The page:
Car Accident Caused by Absence of a Left-Turn Lane
The Supreme Court in Baldwin v. State of California (1972), overruling its own prior precedent, held that the design immunity provided by section 830.6 was not perpetual, but was subject to loss under certain circumstances.
In that case, involving an automobile accident caused by the absence of a left-turn lane in a 25 year-old intersection design where traffic had substantially increased, the court held that the statutory immunity could be lost where the public entity has actual or constructive notice that the plan or design has, under changed physical conditions, produced a dangerous condition of public property and the entity fails to act reasonably to correct or alleviate the hazard. (Baldwin, supra, 6 Cal. 3d at p. 434.)
This result was justified, the court said, because the rationale for the grant of a design immunity had no relevance or application where actual post design experience has demonstrated the dangerous nature of the design.
"Where experience has revealed the dangerous nature of the public improvement under changed physical conditions, the trier of fact will not simply be reweighing the same technical data and policy criteria which went into the original plan or design.
Rather, there will then be objective evidence arising out of the actual operation of the plan--matters which, of necessity, could not have been contemplated by the government agency or employee who approved the design.
No threat of undue interference with discretionary decision-making exists in this situation." (Baldwin, supra, 6 Cal. 3d at p. 435.)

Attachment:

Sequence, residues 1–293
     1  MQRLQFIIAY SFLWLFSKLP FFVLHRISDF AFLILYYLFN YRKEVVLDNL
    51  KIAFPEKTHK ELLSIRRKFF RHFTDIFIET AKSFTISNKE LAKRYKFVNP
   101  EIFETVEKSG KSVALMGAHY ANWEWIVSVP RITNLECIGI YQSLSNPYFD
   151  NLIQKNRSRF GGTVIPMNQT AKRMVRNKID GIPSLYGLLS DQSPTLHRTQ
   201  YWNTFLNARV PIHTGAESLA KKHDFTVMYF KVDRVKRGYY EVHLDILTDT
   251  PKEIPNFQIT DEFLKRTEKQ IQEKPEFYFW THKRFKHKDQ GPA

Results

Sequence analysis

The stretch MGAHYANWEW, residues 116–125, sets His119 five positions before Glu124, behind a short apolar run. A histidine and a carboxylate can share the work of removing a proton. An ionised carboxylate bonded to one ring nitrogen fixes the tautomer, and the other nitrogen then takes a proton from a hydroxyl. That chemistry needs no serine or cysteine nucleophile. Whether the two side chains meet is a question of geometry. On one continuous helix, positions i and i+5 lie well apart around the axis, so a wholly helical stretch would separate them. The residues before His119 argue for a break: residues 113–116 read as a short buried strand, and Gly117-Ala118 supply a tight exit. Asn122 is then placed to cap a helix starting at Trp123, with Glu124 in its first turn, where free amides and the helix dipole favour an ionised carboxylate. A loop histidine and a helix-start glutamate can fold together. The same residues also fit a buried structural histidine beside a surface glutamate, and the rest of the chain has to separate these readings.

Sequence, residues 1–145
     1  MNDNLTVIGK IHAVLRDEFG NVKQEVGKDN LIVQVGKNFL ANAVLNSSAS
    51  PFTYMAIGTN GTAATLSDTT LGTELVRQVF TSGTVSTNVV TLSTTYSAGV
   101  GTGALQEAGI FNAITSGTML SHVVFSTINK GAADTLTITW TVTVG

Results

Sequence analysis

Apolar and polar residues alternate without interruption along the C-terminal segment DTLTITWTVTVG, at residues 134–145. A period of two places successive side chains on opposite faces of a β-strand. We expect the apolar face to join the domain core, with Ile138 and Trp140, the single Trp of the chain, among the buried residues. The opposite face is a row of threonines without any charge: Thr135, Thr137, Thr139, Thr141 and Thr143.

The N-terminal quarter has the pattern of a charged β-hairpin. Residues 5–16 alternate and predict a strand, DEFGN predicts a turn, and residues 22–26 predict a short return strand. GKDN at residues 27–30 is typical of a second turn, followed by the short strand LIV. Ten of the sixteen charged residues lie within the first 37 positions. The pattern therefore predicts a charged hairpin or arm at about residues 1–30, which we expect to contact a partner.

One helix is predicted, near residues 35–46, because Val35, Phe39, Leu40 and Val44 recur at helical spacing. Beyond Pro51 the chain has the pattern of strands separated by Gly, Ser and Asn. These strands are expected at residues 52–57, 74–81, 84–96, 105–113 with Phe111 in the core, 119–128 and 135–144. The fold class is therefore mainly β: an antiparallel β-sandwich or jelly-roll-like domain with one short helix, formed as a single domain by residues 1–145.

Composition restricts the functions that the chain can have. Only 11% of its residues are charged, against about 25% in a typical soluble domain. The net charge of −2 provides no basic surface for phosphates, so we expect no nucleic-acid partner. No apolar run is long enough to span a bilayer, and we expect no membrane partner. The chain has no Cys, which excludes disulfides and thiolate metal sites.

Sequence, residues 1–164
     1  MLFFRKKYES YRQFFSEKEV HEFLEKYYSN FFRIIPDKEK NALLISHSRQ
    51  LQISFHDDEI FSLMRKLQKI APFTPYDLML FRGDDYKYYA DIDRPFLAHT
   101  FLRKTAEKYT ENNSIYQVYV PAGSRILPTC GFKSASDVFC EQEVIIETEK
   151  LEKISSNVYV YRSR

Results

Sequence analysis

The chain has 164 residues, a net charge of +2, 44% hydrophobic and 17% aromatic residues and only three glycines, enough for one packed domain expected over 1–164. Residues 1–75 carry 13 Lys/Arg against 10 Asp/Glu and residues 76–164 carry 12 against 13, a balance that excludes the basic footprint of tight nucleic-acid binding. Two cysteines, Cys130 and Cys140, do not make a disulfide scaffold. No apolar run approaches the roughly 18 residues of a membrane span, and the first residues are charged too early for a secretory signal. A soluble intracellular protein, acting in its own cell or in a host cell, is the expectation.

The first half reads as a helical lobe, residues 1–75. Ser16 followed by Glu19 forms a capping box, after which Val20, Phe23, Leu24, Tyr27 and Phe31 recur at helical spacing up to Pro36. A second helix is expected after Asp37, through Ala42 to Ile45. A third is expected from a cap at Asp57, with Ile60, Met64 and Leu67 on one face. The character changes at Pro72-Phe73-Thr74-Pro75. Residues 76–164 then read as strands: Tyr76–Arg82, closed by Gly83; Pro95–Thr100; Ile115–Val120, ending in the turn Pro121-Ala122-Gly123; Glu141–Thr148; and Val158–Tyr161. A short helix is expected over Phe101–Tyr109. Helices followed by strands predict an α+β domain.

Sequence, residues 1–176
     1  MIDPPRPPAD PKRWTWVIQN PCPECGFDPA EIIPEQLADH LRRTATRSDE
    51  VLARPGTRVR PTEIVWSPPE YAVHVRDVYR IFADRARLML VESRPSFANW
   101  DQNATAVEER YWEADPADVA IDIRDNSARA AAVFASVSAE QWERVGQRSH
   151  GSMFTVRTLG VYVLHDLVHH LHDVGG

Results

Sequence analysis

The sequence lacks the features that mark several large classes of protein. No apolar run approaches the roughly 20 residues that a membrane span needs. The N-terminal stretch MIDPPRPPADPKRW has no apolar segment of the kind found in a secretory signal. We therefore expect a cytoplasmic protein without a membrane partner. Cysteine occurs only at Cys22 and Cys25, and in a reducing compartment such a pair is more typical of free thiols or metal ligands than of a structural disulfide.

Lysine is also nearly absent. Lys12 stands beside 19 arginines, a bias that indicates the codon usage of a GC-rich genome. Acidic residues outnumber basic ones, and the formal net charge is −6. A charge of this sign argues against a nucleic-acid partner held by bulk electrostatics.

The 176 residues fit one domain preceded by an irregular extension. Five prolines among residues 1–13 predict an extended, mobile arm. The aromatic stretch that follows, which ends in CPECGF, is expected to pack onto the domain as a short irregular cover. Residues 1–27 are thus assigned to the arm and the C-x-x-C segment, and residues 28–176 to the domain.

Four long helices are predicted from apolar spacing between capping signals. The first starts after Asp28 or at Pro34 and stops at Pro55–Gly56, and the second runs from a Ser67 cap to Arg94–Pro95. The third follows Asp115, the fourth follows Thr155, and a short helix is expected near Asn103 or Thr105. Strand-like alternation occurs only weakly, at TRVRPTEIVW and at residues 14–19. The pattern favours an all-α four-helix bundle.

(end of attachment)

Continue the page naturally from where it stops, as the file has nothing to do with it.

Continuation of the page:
In 1979, the Legislature reacted to the Baldwin decision by amending section 830.6. That amendment added the second and third sentences to the section.
It provides that notwithstanding notice to a public entity that improved public property no longer conforms with the approved design or no longer conforms to a standard that reasonably could be approved by the public entity:
(1) design immunity continues for a reasonable period of time sufficient to allow the public entity to obtain funds for and complete remedial work;
(2) if the public entity is unable to remedy the condition due to practical impossibility or lack of funds, design immunity continues as long as the public entity reasonably attempts to warn the public of the danger. (Stats. 1979, ch. 481, 1, p. 1638.)
Thus, section 830.6, as so amended, specifies circumstances in which a public entity retains design immunity, but it does not specify the circumstances in which a public entity loses such immunity. (See Alvarez v. State of California (1999) 75 Cal. App. 4th 903, 912; Grenier v. City of Irwindale (1997) 57 Cal. App. 4th 931, 944.)
For that we necessarily must also look to the decision in Baldwin.
The legislative history of the 1979 amendment to section 830.6 indicates that it was "intended to respond to Baldwin by providing a reasonable extension of design immunity when, under Baldwin, that immunity otherwise would be lost." (Alvarez v. State of California, supra, 75 Cal. App. 4th at p. 912.)
Baldwin and the 1979 amendment to section 830.6, read together, provide that design immunity can be lost to the defendant public entity if the plaintiff can establish three elements:
(1) the approved plan or design has become dangerous by reason of a change in physical conditions;
(2) the public entity has actual or constructive notice of the dangerous condition thus created;
(3) the public entity has had a reasonable period of time to obtain the funds and carry out the necessary remedial work to bring the property back into conformity with a reasonable design or plan, or the public entity is unable to remedy the dangerous condition due to practical impossibility or lack of funds and does not reasonably attempt to provide adequate warnings. (Compton v. City of Santee (1993) 12 Cal. App. 4th 591, 598.)